That’s the message Moulton wants to convey. Because the stark reality is that homelessness will not disappear overnight in the city.

“We have a good grasp of what we need to do and it’s certainly getting done,” he said. “I think we’re on the right path but this is no quick, easy fix. We are going to have homelessness next year and the year after.”

In essence, addressing persistent homelessness in a community boils down to communication and collaboration, said Moulton. When law enforcement and outreach workers can respond to concerns together, it’s more likely that they’re able to connect the person to services or keep track of their whereabouts.

The current approach from Concord police is to visit a site in response to concerns from residents and coordinate a response with outreach services.

This is also the time of year when more people report seeing encampments – it’s a seasonal phenomenon, with leaves falling from trees and exposing previously concealed sites.

But the reality is that without housing, breaking up an encampment means individuals will continue to move to the next site. Often, that could be further into the woods or away from downtown where resources, like the Friendly Kitchen and coalition, are more readily available – complicating the response from nonprofit providers.

“It’s harder for me to keep track of where people are going and then they’re moving farther and farther away from services,” said Spern.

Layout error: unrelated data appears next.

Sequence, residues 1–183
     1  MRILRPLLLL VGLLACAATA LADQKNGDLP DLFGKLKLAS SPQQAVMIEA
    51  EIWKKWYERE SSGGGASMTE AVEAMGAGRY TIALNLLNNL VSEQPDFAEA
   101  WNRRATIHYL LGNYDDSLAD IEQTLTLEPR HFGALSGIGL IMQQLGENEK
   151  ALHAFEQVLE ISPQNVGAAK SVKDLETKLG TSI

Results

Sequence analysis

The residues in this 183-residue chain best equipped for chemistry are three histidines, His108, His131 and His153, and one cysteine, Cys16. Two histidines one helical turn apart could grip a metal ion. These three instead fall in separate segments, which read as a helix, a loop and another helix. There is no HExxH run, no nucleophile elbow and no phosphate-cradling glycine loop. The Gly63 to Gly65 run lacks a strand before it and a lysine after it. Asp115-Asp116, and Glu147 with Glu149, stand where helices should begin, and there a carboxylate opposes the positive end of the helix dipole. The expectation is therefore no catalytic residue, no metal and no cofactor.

In the city’s $130 million budget this year, a social worker position was created at the police department that will also help address homeless services.

Moulton hopes that this position will allow the police department to continue to connect people experiencing homelessness with resources at Riverbend or the coalition.

“They’re going to be that community piece that will provide those wraparound services,” he said.

With the social work position, law enforcement will continue to work alongside nonprofits, like the coalition, to direct the city’s response to homelessness.

And as city councilors field concerns, updates as to what leaders, across various sectors in the community, are doing to address homelessness to residents will be key.

“A lot of it is communication. I think people think there’s nothing that anyone is doing,” Moulton said. “Homeless issues across the state, and really all of New England, everyone is feeling it. There’s no easy fix. If there was, it would have been done. Hopefully our approach and how we deal with this, we can alleviate some of the issues.”